Aol Buys TechCrunch, 5Min Media, and Thing Labs

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It appears that it has been extremely busy the past few months in Aol’s Mergers & Acquisitions department.  Today, Aol announced the acquisition of three companies – 5Min Media, TechCrunch, and Thing Labs.  We recently reported that Aol has plans to succeed in 2011.  These plans of course focus around their new business model of becoming the world’s leading content production company.

The acquisition of these three companies would appear to be just the beginning with more to come.  If we take a look at these buys, you can see the focus on content.  5Min Media is the largest video content syndicator platform, which will allow Aol to not only syndicate their own video content, but that of others as well.  TechCrunch is considered by many as the place for the latest breaking technology news and to learn about the latest tech startups.  Thing Labs, the creator of Brizzly, will now be part of Aol’s Lifestream service.

Aol also owns several other popular blogs including Engadget, TUAW, and Joystiq among others part of the former Weblogs, Inc. network.  While some may argue that the acquisition of TechCrunch (including their sister sites – CrunchGear, MobileCrunch, etc) is redundant to the already existing Aol properties, I disagree.  The people who read TechCrunch are in completely different demographics than those who read Engadget.

I’m sure Aol is banking on the fact that they will have leverage to sell more expensive advertisements on TechCrunch properties due to their core audience (entrepreneurs, angel investors, venture capitalists, etc).  Additionally, based on the information out there, it appears the terms of the deal require that Mike Arrington stick around for at least three years before running off, of course, with the hope he will be around for much longer.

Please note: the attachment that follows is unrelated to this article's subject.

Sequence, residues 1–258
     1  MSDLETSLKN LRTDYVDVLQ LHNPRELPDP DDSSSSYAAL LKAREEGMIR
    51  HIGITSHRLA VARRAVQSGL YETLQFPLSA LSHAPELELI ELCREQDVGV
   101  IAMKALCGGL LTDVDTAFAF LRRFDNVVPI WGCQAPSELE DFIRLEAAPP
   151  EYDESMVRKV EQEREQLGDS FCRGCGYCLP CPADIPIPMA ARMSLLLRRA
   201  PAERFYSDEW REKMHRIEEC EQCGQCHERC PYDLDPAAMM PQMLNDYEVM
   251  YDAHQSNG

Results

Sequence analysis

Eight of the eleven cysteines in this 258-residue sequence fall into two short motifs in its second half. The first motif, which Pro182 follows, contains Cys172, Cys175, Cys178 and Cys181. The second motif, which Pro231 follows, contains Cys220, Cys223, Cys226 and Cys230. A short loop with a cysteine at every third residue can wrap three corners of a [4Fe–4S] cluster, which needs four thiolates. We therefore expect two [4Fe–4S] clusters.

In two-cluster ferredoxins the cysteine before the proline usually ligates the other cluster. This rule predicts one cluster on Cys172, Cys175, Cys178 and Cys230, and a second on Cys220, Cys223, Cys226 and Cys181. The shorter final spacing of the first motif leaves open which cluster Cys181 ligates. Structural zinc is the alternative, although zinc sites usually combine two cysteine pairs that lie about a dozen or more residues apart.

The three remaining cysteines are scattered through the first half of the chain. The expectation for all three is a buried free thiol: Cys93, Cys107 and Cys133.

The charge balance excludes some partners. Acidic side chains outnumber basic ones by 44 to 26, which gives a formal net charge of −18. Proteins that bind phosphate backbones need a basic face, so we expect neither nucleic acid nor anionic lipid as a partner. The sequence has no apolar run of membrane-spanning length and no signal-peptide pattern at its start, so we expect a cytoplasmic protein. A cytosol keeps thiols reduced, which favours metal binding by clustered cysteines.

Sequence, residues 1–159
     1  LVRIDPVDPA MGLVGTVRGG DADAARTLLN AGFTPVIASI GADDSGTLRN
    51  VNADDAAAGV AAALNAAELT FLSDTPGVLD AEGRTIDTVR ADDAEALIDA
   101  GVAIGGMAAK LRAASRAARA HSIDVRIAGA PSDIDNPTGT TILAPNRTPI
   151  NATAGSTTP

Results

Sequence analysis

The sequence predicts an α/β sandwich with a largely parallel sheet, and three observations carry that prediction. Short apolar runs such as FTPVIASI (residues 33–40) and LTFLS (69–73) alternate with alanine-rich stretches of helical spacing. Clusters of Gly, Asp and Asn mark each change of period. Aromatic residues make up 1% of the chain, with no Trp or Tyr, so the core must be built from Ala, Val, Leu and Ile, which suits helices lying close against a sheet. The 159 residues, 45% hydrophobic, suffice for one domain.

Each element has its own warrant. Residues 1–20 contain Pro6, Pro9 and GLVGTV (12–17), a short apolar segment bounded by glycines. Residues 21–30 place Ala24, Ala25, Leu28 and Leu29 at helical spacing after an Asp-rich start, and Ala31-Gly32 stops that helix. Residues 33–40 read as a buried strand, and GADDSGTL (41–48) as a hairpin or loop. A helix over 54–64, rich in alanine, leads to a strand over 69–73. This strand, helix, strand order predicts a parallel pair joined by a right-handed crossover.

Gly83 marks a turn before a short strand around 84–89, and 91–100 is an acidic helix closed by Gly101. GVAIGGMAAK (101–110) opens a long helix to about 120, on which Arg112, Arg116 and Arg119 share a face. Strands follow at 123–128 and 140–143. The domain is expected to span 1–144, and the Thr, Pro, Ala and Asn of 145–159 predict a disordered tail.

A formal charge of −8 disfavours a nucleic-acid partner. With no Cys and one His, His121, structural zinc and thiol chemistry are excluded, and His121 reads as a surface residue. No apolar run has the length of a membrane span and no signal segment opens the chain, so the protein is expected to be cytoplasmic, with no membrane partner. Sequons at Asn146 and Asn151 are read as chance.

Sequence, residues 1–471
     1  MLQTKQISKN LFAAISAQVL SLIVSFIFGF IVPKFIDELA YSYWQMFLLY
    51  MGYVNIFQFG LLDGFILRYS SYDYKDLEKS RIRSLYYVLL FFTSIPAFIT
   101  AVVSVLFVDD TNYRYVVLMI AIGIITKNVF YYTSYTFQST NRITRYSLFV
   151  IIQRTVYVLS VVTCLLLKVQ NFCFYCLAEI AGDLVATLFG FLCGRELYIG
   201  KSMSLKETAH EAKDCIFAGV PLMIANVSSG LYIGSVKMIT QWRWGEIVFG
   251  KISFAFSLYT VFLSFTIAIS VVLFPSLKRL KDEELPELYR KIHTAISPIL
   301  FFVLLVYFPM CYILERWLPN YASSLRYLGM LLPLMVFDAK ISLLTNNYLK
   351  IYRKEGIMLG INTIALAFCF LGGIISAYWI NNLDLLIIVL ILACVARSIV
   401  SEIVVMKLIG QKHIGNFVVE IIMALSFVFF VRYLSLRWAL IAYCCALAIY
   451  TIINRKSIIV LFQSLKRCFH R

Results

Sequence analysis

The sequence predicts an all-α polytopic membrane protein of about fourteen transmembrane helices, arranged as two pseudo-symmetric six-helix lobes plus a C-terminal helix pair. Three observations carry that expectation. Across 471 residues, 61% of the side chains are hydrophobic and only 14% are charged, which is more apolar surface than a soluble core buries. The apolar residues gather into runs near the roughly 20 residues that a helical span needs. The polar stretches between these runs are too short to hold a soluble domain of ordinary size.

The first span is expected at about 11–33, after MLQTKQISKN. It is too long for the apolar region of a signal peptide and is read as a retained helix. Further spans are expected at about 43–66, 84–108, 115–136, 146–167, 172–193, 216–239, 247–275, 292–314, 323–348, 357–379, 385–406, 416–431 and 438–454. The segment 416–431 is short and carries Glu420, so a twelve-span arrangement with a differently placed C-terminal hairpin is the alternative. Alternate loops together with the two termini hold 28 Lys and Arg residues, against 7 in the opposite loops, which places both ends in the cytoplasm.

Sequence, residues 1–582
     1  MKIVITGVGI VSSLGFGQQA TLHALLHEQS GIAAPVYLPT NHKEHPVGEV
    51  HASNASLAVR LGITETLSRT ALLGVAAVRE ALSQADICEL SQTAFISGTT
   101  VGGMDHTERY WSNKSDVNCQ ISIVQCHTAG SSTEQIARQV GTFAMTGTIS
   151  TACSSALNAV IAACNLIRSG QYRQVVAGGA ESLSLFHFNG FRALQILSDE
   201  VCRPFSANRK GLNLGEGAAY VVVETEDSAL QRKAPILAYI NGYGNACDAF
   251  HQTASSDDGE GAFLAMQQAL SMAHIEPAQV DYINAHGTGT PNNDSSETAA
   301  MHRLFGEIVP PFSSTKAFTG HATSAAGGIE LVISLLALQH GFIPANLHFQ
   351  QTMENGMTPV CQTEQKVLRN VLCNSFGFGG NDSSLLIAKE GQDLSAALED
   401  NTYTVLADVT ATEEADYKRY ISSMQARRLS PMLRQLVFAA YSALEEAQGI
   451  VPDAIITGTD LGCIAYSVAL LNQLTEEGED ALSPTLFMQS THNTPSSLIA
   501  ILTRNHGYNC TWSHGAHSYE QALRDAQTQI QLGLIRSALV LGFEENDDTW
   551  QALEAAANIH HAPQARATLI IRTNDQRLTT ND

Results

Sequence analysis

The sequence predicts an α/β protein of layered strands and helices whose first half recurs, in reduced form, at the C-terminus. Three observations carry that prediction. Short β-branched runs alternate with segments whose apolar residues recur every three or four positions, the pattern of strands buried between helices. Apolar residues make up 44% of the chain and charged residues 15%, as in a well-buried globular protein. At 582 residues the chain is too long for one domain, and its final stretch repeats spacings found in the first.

There is no doubt that Mike’s voice is the loudest one on the site.  After all, it’s (well, was) his site.  When I previously discussed valuing a website, one of the key points I made revolved around the fact that if your site’s success is influenced by you being there, the value of the site is significantly decreased if you were to leave.  Something Aol obviously considered.

While no details with regard to numbers have been provided, the speculation around the web seems to indicate TechCrunch sold for $25-40 million.  What are your thoughts on these deals?


— Jeff Weisbein

Jeff is the founder & CEO of BestTechie. He has over 10 years of experience working with technology and building businesses. He loves to travel and listen to music.




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